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Christmas Stories (Everyman's Library) Hardcover – Deckle Edge, October 30, 2007
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“A rich and classy story collection (with sewn-in red ribbon bookmark) by such literary greats as Dickens, Tolstoy, Chekhov, Cather, Nabokov, Cheever and Munro. If this were an assortment of chocolates, it would be a feast of the finest dark truffles--not a cheap, waxy bite in the bunch.” –Minneapolis Star-Tribune
“Think you’ve heard it all? Every tiny reindeer named, every Grinch ungrinched, all the ho-ho-hum holiday stories tediously read, recited, re-recited, the classics on a constant loop? Maybe not. Here are twenty Christmas tales, from Tolstoy to Richard Ford, as fresh as a Christmas Eve snowfall.” –Charles McNair, NPR.org
About the Author
Diana Secker Tesdell is the editor of the Everyman's Pocket Classic anthologies Christmas Stories, Love Stories, Dog Stories, Cat Stories, Horse Stories, New York Stories, Bedtime Stories, Stories of Art and Artists, Stories of Fatherhood, Stories of Motherhood, Stories of the Sea, and Stories from the Kitchen, and of the Everyman's Library Pocket Poet Lullabies and Poems for Children.
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don't want a large tome but.. a few surprising short stories
about Christmas and the season around it.
Good value.. Well made hardcover book
Makes a nice gift for friends who have everything...
The Dickens story is not ‘A Christmas Carol’ but ‘The Story of the Goblins who stole a Sexton’. It is taken from the Pickwick Papers. Written seven years before ‘A Christmas Carol’, it does have some relationship to the Christmas Carol theme – the Sexton taking the part of Scrooge. The Gogol story, ‘The Night Before Christmas’, is taken from ‘Evenings on a Farm Near Dikanka’; the Conan Doyle is a Sherlock Holmes story, ‘The Blue Carbuncle’.
The Tolstoy, ‘Where Love is, God is’, I was sorry to find uncharacteristically pedestrian. That cannot be entirely the fault of the very old translation (Louise and Aylmer Maude), but neither that nor the Chekhov, 'Vanka' (translated by Constance Garnett), can be said to sparkle, convenient as it may be for the publisher that the translations are out of copyright.
The Gogol, by contrast, translated by the still very much contemporary Richard Pevear and Larissa Volokhonsky, is excellent (and does offer a goodly amount of snow). That is just as well; occupying 54 pages, it is the longest story in the book.
Second longest (50 pages) is Trollope’s ‘Christmas at Thompson Hall’. Oh dear; we wait such a long time for the principal characters to tumble to realizations we as readers reached long ago, I was reminded of Trollope’s reputed habit of writing 3000 words a day, regardless – and that whilst holding down his job as a Surveyor for the Post Office. I guess the way to do that is to steadfastly plod through a simple linear tale, making no attempt at anything posterity is likely to regard as fine writing.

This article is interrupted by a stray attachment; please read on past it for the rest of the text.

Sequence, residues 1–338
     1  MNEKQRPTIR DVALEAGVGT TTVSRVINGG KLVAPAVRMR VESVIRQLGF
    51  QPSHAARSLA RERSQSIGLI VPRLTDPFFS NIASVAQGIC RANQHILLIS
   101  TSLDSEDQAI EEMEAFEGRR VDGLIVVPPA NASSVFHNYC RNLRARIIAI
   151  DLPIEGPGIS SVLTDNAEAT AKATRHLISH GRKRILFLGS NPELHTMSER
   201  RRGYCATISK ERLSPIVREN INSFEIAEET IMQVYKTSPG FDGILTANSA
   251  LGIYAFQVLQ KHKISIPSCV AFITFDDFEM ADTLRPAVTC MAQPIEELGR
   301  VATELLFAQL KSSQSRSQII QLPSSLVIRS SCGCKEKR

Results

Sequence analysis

I didn’t list either geese or turkeys among the Christmas features with a low count in this volume. Sherlock Holmes gives us 26 geese, and Alice Munro, in ‘The Turkey Season’, as many turkeys as were killed, plucked and gutted on a turkey farm in a whole season. Munro’s story is for me the most memorable, and probably the finest, in the whole book. (Well, she did win the 2013 Nobel Prize for Literature.) She places herself, aged 14, working before and after school in the gutting shed of a fictional (not her father’s actual) turkey farm. Her boss, his son, the boss’s sister, a couple of hired women and two hired men are all interesting people in their way, especially to the 14-year-old budding author. Relationships are not easy, there are some blow-ups, and the narrator is savvy enough to realize that there is more going on in the hearts, minds and lives of at least some of her workmates than is openly admitted. Wonderful. (The story is included in Alice Munro’s 1982 short story collection ‘The Moons of Jupiter and Other Stories and is now also available in Selected Stories which has itself been re-published - post-Nobel - as Family Furnishings: Selected Stories, 1995-2014.)
Other authors include Nikolai Gogol (The Night Before Christmas), Anthony Trollope (Christmas at Thompson Hall), Anton Chekhov (Vanka), Willa Cather (The Burglar's Christmas), Saki[H. H. Munro](Rginald's Christmas Revel), Vladimir Nabokov (Christmas), Damon Runyon (Dancing Dan's Christmas), Elizabeth Bowen (Green Holly), John Cheever (Christmas is a Sad Season for the Poor), John Updike (The Carol Sing), Muriel Spark (Christmas Fugue), Grace Paley (The Loudest Voice), Alice Munro (The Turkey Season), and finally Richard Ford (Creche).
Comedy, suspense, or a touch of the emotional, it's all here.
If you want a book to carry with you on your holiday travels to fill in quieter momemts, Christmas Stories is the book for you. This would also make a terrific gift for anyone who loves the season. What a wonderful story collection.